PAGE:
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I Forge Iron

Hammer Handles


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When you make a hammer handle is the hammer end of the stick related to the top of the tree or the root or does it matter?

I have run into some fresh cut wood, American Hornbeam, Musclewood, Ironwood, Blue Beech, Carpinus caroliniana.

According to the internet
WOOD PRODUCTS VALUE : American hornbeam wood is very hard, heavy, and close-grained. It is very difficult to work and is used only for tool handles, mallets, and golf club heads.

Any wood workers (or blacksmiths, etc) ever use American Hornbeam and how does it preform when used as a hammer handle? Malls? etc?

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Ironwood commonly grows around creeks here in Kentucky. It is tough stuff! Just as the experts said, it is dense, hard, and heavy. I've made mauls from it, but no other tool handles.

I rive (or split) a lot of my handles for hammers,mattocks,axes,etc, with a froe using an ironwood maul (made like a club) to drive the froe into the piece of wood stock I'm splitting. Using a hammer for this would soon ruin a froe. My froe is leaf spring, and this maul has struck the back side of it thousands of times.As you can see,much wood has been eaten away.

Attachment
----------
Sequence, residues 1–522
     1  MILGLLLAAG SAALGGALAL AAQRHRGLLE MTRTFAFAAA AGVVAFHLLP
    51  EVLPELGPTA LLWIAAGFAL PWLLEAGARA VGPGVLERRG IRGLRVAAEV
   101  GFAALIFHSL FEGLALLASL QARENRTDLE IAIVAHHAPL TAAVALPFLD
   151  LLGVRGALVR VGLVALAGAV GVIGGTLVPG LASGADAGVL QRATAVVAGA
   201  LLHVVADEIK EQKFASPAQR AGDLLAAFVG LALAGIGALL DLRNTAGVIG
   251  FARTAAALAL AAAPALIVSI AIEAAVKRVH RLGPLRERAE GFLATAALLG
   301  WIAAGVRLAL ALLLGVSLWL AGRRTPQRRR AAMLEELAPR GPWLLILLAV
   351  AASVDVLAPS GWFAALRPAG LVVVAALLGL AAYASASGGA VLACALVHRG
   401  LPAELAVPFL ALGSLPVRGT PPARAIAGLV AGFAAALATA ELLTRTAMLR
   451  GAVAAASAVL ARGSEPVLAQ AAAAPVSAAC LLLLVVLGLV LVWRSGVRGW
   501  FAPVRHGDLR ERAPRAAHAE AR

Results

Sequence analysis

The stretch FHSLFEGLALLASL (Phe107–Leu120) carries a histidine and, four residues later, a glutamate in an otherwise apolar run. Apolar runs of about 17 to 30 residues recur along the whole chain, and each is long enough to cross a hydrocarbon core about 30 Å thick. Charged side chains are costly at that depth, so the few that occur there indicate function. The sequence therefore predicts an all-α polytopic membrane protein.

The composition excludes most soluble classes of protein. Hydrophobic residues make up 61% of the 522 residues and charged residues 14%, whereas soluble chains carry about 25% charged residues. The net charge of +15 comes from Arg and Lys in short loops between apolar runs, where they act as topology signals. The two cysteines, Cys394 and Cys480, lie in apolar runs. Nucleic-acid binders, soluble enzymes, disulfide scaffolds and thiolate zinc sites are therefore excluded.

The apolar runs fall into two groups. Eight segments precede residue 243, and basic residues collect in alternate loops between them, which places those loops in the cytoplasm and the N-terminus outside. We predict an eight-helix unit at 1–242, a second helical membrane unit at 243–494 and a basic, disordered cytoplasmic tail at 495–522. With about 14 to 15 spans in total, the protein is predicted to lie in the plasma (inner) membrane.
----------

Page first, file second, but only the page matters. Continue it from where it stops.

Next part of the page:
For "riving", I look for wood with a good straight 'longitudinal' grain (running the length of the log). Straight, limbless sections of oak,hickory,and ash are my favorites for handles. Sassafras and walnut rive easily too,but are not good choices for handle material.

See Blueprints
BP0418 Froe
BP0447 How to make a Froe



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I don't think it matters either. One thing I do because I think it makes a handle less likely to break is when I rive the blanks from a sizeable piece of trunk (10--20") I use a froe and cut the pieces about 2-3" wide on the bark side. In shaping the handle the growth rings run horizontial to the hammer head. I have handles made from several kinds of trees. Figured maple is pretty--hickory is strong and a pretty strong wood is hedge apple, sometimes called osage orange. Depends on which side of the road you live on.

See Blueprints
BP0342 Handles
BP1012 Making Hammer Handles

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